At this busy time of year, I’ll share a short post about a card I purchased a while ago. Here is a real photo postcard that features a pair of images taken by “Etta,” who I presume was a young woman, perhaps a teenager. I’ve written about these kinds of cards in earlier posts, but let me review some history quickly. Eastman Kodak began selling pre-printed postcard stock with photo-sensitive fronts in 1902; they offered a camera designed for amateur postcard photography in 1903. Other companies soon followed; some began to offer accessories such as sets of black paper masking frames that allowed printed photos to have different shapes and borders. This one is interesting because Etta printed two round images on the front, masking them but overlapping them by accident. I’ve been unable to identify the recipient, the sender, or the writer — but this card is evidence of a young woman taking up amateur photography. The photo of the cat is particularly nice. I like that the horse is her “pet,” too. This suggests that, at a time when horses still were crucial sources of motive power, some crossed the line from worker to beloved individual — and that girls were riders, too!
Category Archives: real photo postcard
On this very hot Saturday (a day when all wise pets are taking naps someplace cool), allow me to introduce you to Lombard’s Musical Cats. I looked for information about this postcard on and off for months, and this pair, a mother and son team according to the poem, and their owner remained as mysterious as when I purr-chased the card. (Sorry, I couldn’t help myself….)
I can tell you something about the Auburn Post Card Manufacturing Company, the publishers of this card. The company began as the Whitten-Dennison Post Card Company in Maine, but L. G. Whitten, one of the founders, moved it to Auburn, Indiana, and renamed it in 1913. The company made cards for businesses, cities, and tourist destinations. They were also known for their “comic” postcards on subjects like courtship and holiday cards. This, however, seems to be unique in their output. It is clearly a commission from someone who felt that he could make use of the minimum 500-card order required by APCMC.
And now I think I know the identity of the man behind “Lombard’s Musical Cats.”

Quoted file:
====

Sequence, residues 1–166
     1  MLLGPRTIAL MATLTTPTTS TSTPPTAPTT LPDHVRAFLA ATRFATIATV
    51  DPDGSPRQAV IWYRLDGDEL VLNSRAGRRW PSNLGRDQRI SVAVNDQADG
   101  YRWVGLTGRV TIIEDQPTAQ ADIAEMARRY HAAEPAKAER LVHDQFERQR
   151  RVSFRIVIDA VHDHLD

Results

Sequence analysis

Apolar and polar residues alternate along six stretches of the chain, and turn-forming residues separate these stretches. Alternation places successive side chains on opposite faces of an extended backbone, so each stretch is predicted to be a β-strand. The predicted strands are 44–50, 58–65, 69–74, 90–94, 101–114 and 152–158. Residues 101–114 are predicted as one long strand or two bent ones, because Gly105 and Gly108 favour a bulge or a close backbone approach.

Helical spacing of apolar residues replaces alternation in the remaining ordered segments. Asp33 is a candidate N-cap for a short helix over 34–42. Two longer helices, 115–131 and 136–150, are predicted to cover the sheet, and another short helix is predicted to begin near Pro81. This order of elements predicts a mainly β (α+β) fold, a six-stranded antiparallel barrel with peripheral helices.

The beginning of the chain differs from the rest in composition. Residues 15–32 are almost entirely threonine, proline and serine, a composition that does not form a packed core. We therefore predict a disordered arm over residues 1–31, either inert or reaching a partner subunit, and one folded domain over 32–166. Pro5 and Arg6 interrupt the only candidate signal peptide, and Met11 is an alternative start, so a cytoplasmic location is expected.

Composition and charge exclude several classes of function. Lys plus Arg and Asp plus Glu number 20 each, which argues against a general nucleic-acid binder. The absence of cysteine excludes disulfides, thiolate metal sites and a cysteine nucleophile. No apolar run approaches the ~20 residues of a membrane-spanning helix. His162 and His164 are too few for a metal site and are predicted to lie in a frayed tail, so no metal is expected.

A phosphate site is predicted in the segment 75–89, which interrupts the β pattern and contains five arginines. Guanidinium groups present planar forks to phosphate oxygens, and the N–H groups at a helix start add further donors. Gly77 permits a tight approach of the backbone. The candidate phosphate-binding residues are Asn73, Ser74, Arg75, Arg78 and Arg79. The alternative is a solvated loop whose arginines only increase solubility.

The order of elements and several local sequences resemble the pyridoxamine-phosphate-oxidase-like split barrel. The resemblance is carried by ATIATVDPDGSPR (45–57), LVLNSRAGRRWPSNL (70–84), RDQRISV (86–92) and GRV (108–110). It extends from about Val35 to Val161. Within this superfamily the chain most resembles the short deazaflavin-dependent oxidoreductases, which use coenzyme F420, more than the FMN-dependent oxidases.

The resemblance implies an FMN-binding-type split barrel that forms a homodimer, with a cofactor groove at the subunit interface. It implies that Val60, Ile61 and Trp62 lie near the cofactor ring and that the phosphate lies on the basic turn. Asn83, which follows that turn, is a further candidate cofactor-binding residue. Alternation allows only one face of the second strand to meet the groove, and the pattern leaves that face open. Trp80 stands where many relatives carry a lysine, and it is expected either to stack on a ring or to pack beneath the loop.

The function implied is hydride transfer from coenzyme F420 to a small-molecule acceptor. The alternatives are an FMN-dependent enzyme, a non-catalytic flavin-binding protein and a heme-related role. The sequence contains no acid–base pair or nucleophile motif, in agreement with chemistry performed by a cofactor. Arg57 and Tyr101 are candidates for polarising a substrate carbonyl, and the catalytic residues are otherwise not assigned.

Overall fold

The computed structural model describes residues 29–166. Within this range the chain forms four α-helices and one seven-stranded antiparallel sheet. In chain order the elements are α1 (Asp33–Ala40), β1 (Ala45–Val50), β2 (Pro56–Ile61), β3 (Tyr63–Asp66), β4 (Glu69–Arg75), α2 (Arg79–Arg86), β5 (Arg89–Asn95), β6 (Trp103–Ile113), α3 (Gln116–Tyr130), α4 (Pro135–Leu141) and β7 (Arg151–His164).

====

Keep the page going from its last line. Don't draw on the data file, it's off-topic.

Harlan P. Lombard (c. 1862 – 1942) was a composer of spectacularly obscure popular songs in the 1910s and 1920s. He lived in North Eastham, Massachusetts, according to copyright records. The 1920 U.S. Census listed him as a widower and a “music composer.” His works survive in a few pieces of sheet music in public collections. “If You’re a True America, You’re All Right” was self-published in 1917; a copy can be seen in the digital catalog of the Library of Congress. The caption above the song title is “‘Harmony Harl’s’ Patriotic March,” suggesting that he was a recognized local character with a presence as a performer known as Harmony Harl.
So let’s raise a glass of iced tea to the memory of Harmony Harl, Baby, and Thomas Boy!
Doghouses were once a common sight in the back yards of American households. Well into the 20th century, family dogs often spent their nights outdoors, and quite a few dogs seem to have lived outside all of their lives. Don’t assume that this meant that people did not love their dogs, or that outdoor dogs weren’t pets. There are many reasons that dogs lived in separate houses. For instance, watch dogs were important for many households; often, a barking dog was the only burglar alarm available. Especially during the warm months, flea infestations were so hard to control that the best way to limit household infestations was to keep dogs outside. (I’ll be doing another post on flea control later this summer.) If a family had a stable or barn, dogs often slept there and did not have a doghouse.